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RF GaN: Big Revenues, Bright Future?

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Despite billion dollar revenues forecast to roll in from 5G infrastructure and defence, GaN may not have hit the big-time quite yet, reports Rebecca Pool.

When it comes to RF GaN, the future looks bright, according to the latest figures from Eric Higham, analyst, at Strategy Analytics. As he forecasts in “RF GaN Market Forecast: 2018 to 2023”, revenue for RF GaN-enabled devices grew by nearly 22% in 2018, and is set to surpass $1.7 billion in 2023.

The drivers for this burgeoning growth come from 4G and 5G base station deployments, as well as defence applications. But the pathway to the billion dollar big-time may not be plain sailing.

In the past, laterally-diffused metal-oxide semiconductor (LDMOS) devices have been widely used in base station RF power amplifiers, but, as always, change is afoot. Since the beginning of 4G LTE deployment across China in 2014, equipment manufacturers and operators have embraced GaN with open arms with the healthy revenue rises ensuing.

Given this, RF GaN has been steadily displacing LDMOS in base station power amplifiers. And while LDMOS technology still holds the largest revenue share right now, GaN is expected to continue to displace the technology, especially at higher frequency 5G deployments including millimetre wave bands, from 30 GHz to 300 GHz.

But as Higham cautions, a 'storm cloud on the horizon' is looming for GaN RF power amplifiers in 5G base stations. In sub-6GHz 5G spectrum bands, more and more radiators are set to be added to the antennas in massive MIMO systems, to ease beam-forming.

“More radiators means you are more able to adapt, say, the shape of that beam, to make [data delivery] as efficient as possible for the operator,” highlights Higham. “But as you add more and more radiators, the transmit power for each power amplifier goes down, which means SiGe and CMOS are now more inexpensive options [than GaN].”

And while GaN can offer, for example, greater power-added efficiency and power density compared to the silicon-based technologies, operators have always tended to demand a lower power bill.

“Both GaN and silicon camps can make compelling arguments for their technologies but at the end of the day the market will choose,” says Higham. “If an operators rolls out a 600 or 700 MHz 5G network, then that will likely have LDMOS in it due to its pricing.”

“LDMOS could remain the largest power technology for base stations in the one, two, maybe three years,” he adds. “However, the 5G spectrum mix of sub-6GHz frequency versus high frequency millimetre wave will be clearer in the next 18 months.”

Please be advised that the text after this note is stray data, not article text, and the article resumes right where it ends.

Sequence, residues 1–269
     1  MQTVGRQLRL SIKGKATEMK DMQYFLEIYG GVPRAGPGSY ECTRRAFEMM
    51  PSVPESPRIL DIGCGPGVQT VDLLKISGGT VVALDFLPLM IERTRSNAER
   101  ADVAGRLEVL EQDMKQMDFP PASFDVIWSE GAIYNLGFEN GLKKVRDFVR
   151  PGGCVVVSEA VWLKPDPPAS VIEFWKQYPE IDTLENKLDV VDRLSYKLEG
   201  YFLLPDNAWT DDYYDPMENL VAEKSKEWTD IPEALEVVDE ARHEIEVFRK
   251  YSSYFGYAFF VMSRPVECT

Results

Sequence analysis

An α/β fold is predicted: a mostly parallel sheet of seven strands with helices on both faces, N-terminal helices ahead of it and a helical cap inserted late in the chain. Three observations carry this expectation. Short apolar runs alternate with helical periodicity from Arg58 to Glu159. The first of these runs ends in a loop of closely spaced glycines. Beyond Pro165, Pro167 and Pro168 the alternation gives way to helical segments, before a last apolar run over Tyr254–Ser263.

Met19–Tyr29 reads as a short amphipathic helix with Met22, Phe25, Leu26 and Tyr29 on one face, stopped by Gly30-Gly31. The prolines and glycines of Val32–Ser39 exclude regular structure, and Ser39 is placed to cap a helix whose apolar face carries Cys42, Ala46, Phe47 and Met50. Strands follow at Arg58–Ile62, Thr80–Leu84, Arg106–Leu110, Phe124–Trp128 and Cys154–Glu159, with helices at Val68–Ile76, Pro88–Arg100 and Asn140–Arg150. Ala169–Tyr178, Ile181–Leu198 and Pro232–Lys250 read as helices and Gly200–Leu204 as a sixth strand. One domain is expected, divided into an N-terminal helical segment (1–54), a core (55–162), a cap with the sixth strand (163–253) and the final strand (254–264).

Political problems

Infrastructure uncertainties are not the only cloud on GaN's horizon. Ongoing political tensions could also soften GaN growth in this market sector as China tech giant, Huawei, remains firmly fixed on the US Bureau of Industry and Security 'Entity List'.

“Huawei has been pretty proactive in adopting GaN, probably more so than other equipment suppliers,”says Higham. “So if its market share goes down, then that could have an impact on GaN's market share.”

What's more, China could well push ahead with growing its own compound semiconductor 'eco-system', a move that would spell bad news for GaN players across the rest of the world. According to Higham, the Chinese government has poured billions into upgrading Sanan IC's compound semiconductor foundry while Huawei recently revealed a handset comprising components from domestic suppliers only.

“I don't know how good the Huawei phone is, and you can't build a foundry on Monday and have it up and running on Tuesday,” says Higham. “But if China really pushes ahead to have a domestic capability then that will put a lot of other manufacturers at risk.”

In the meantime, defence markets are set to provide respite from 5G infrastructure and political uncertainties. Thanks to a wave of defence programs reaching production, major retrofits as well as procurements from US, China, Russia and other nations, Higham predicts the defence market will grow a little faster than the commercial sectors in the near-term. And, crucially, GaN has already proven itself in key defence market segments, radar and communications.

“The radar folk don't pull out a clean sheet of paper without writing GaN on it, and all the latest active electronically scanned array [antennas] use GaN,” says Higham. “GaN is also being adopted very quickly in tactical radios and other communications applications that demand higher operating frequencies and bandwidths.”

“So today, or at least until we see more certainty around 5G, the defence sector is safer than the infrastructure market,” he adds.



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